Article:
But sometimes, all he has to be is a man.
People don't believe victims of sexual assault because it's simply easier not to. But it also goes deeper than laziness or loyalty. The widespread disbelief of rape has a complicated history but a relatively simple cause: People don't believe women.
Rape denial has a long, twisted history in human society
Rape culture, and its tendency to blame victims, didn't come out of nowhere. Various legal systems have engaged in it for centuries.
The Code of Hammurabi subjected both the victim and the perpetrator of rape to death sentences — unless the victim was a virgin, in which case the rape was a property crime against her father. Early Hebrew law also sentenced both victim and perpetrator to death, but there were exceptions for the woman if she screamed for help.
The idea that rape is a crime against a woman, and specifically a crime against a woman's body, is relatively new. For most of human history, rape has been treated as a property crime against a woman's husband or father, since they effectively owned her.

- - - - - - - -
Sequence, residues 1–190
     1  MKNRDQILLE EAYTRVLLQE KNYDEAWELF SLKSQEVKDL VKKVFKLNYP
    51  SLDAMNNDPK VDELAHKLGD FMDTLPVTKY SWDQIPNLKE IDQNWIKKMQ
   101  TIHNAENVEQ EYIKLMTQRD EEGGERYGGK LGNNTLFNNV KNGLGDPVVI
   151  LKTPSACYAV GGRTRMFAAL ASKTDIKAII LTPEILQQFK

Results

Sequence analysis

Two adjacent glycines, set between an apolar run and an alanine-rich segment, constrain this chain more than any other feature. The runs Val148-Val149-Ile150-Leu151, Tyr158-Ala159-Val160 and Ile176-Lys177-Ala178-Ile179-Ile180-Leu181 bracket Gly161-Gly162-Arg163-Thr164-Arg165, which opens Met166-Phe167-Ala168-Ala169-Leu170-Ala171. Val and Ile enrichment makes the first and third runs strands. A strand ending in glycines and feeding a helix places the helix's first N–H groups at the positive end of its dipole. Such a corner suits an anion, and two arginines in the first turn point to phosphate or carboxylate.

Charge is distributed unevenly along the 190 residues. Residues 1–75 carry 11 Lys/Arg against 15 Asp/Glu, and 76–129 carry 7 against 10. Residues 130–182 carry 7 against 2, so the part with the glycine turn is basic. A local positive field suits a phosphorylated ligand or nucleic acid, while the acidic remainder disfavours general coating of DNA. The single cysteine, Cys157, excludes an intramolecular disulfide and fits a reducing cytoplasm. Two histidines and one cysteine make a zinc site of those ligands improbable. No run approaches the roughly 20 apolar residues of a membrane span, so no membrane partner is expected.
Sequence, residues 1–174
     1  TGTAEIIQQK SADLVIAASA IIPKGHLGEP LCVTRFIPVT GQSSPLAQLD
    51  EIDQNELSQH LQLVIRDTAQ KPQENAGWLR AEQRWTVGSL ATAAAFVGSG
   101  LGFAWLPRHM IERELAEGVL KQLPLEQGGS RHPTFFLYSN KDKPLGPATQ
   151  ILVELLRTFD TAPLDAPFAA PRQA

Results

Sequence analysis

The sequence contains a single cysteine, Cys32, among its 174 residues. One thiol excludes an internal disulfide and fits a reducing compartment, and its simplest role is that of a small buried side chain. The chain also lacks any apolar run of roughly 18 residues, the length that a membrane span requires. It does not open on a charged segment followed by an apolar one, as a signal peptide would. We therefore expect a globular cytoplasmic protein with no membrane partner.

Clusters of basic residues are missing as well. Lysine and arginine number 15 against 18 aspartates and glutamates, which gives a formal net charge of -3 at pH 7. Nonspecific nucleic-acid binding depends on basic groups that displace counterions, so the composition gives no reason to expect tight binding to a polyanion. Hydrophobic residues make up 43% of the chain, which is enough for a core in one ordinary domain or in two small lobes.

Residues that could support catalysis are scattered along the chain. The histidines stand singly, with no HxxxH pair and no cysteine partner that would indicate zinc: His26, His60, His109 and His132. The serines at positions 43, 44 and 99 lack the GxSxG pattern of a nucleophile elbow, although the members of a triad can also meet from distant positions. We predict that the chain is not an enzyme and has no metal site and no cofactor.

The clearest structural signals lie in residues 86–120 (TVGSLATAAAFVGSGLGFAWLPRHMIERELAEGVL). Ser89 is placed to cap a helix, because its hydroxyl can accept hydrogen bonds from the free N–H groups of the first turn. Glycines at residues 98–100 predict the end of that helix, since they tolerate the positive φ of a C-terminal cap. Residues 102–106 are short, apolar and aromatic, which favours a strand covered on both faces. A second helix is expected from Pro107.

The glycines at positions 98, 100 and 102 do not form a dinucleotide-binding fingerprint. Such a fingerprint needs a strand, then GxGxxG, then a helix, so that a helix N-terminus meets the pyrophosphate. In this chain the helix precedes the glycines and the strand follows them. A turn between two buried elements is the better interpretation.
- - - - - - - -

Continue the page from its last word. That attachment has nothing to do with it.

For most of American history, women have had to prove that they were chaste, and that they put up extreme resistance, in order to have any hope of winning a court case.
Marital rape has only been illegal in the United States for a few decades, since a husband was considered to have complete authority over his wife. (This dynamic may also complicate how we see the wives of accused rapists who were married decades ago, like Camille Cosby or Hillary Clinton, Rebecca Traister argued at New York magazine.)
It would be naïve to think that the weight of this history has been lifted by a few decades of rapid social progress on feminism. Women are still blamed for sexual assaults committed against them, and they are still blamed for bringing down the promising careers of famous or beloved men.
Women are blamed because they have nearly always been considered, legally and socially, to be worth less than men. They are satellites to male stars, auxiliaries, not full people in their own right. It's easier to discount their stories because it's easier to discount them as people.
Male victims face similar problems because sexual assault, and the dismissal of it, has been so strongly gendered for so long — and sex stereotypes of women can also be used as weapons against men.